PITTSBURGH — John Fetterman is the winner of the Democratic nomination for an open U.S. Senate seat in Pennsylvania, NBC News projected Tuesday.
He will face the winner of a competitive Republican primary, the result of which isn' yet known. The seat is being vacated by the retiring two-term GOP Sen. Pat Toomey.
Minutes after NBC News projected the contest, Fetterman, who is in the hospital recovering from a health scare in the closing days of the race, tweeted his gratitude to voters.
“This is the most important race in the country. Control of the Senate is going to come down to Pennsylvania, and we have to flip this seat. We have a hard fight ahead of us — but Pennsylvania is worth fighting for,” Fetterman said in a written statement.
His campaign said Sunday that he had a stroke on Friday but that the treatment was successful and that he expects a full recovery. On Tuesday, shortly before polls closed, his campaign announced that he had "completed a successful procedure to implant a pacemaker with a defibrillator."
Fetterman didn't attend his election night event. His wife, Gisele Fetterman, spoke to a cheering crowd here after his win was projected and reassured them that "doctors were able to act quickly, and John is going to be back on his feet in no time."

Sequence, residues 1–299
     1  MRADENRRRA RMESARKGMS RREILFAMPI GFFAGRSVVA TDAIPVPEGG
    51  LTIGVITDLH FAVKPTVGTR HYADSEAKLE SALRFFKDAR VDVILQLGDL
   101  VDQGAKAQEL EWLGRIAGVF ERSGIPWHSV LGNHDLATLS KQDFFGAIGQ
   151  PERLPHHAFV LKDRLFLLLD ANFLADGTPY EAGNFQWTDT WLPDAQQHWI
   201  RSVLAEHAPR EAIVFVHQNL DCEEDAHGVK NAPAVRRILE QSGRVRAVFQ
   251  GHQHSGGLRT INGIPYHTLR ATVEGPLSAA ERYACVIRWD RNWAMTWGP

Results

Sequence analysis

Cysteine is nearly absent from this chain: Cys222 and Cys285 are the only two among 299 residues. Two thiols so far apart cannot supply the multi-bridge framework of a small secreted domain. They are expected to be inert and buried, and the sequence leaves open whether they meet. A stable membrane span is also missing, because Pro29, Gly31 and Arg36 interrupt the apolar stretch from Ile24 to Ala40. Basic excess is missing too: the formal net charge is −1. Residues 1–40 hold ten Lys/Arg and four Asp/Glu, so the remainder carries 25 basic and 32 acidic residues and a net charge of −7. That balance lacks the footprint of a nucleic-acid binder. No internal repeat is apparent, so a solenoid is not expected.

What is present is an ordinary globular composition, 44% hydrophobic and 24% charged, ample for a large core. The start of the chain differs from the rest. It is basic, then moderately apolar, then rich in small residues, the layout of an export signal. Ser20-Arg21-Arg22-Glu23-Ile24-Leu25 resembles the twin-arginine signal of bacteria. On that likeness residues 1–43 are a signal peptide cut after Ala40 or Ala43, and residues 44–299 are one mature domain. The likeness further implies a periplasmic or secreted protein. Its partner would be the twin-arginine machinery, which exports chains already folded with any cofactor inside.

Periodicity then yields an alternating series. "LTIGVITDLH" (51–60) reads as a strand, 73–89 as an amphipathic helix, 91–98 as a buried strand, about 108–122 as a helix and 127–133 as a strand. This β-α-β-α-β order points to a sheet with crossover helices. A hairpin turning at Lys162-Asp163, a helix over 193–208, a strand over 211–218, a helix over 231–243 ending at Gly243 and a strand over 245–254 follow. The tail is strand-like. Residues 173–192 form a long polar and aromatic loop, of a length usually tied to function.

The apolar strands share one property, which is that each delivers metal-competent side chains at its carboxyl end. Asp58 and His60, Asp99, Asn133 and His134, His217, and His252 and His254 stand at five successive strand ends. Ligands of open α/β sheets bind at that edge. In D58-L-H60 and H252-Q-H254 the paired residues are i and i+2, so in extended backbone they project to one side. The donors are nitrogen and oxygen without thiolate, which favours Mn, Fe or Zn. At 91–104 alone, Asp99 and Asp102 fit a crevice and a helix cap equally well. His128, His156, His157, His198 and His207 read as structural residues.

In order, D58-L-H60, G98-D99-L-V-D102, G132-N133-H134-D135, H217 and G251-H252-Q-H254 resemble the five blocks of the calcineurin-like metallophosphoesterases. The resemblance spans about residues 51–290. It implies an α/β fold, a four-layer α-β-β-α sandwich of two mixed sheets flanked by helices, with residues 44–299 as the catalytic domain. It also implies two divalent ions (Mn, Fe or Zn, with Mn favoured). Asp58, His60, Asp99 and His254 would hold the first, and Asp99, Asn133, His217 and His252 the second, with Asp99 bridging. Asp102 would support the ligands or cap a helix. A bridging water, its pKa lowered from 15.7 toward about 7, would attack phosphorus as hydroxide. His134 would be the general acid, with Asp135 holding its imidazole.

The contest is arguably Democrats’ best opportunity to pick up a Republican-held seat in what is shaping up to be a grim political landscape for the party in power in the Nov. 8 general election.
Fetterman, the current lieutenant governor of Pennsylvania, jumped in the race early and established himself as the front-runner, quickly raising huge sums of money and using his statewide name recognition to solidify his position. He is projected to defeat Rep. Conor Lamb, D-Pa., and state Rep. Malcolm Kenyatta, according to NBC News.
For Pennsylvania Democrats, the 6-foot-8 Fetterman is unconventional in style and substance. He’s a supporter of legalizing marijuana and raising the national minimum wage to $15 per hour. He recently criticized Philadelphia’s reimposition of a mask mandate shortly before it ended, and he broke with President Joe Biden on the Title 42 public health rule for immigration.
Gisele Fetterman voted in their town of Braddock just outside Pittsburgh, where John Fetterman formerly served as mayor. She told reporters afterward that he would be back on the campaign trail “soon” without offering an exact date.
Biden congratulated Fetterman in a statement Tuesday night, saying electing him to the Senate "would be a big step forward for Pennsylvania’s working people."
"Democrats are united around John, who is a strong nominee, will run a tough race, and can win in November," Biden said.
He also knocked the Republican field.
"They have fought a malicious, chaotic primary campaign to be the most extreme," Biden said. "And they have shown people their authentic selves — that whoever emerges will be too dangerous, too craven, and too extreme to represent Pennsylvania in the United States Senate."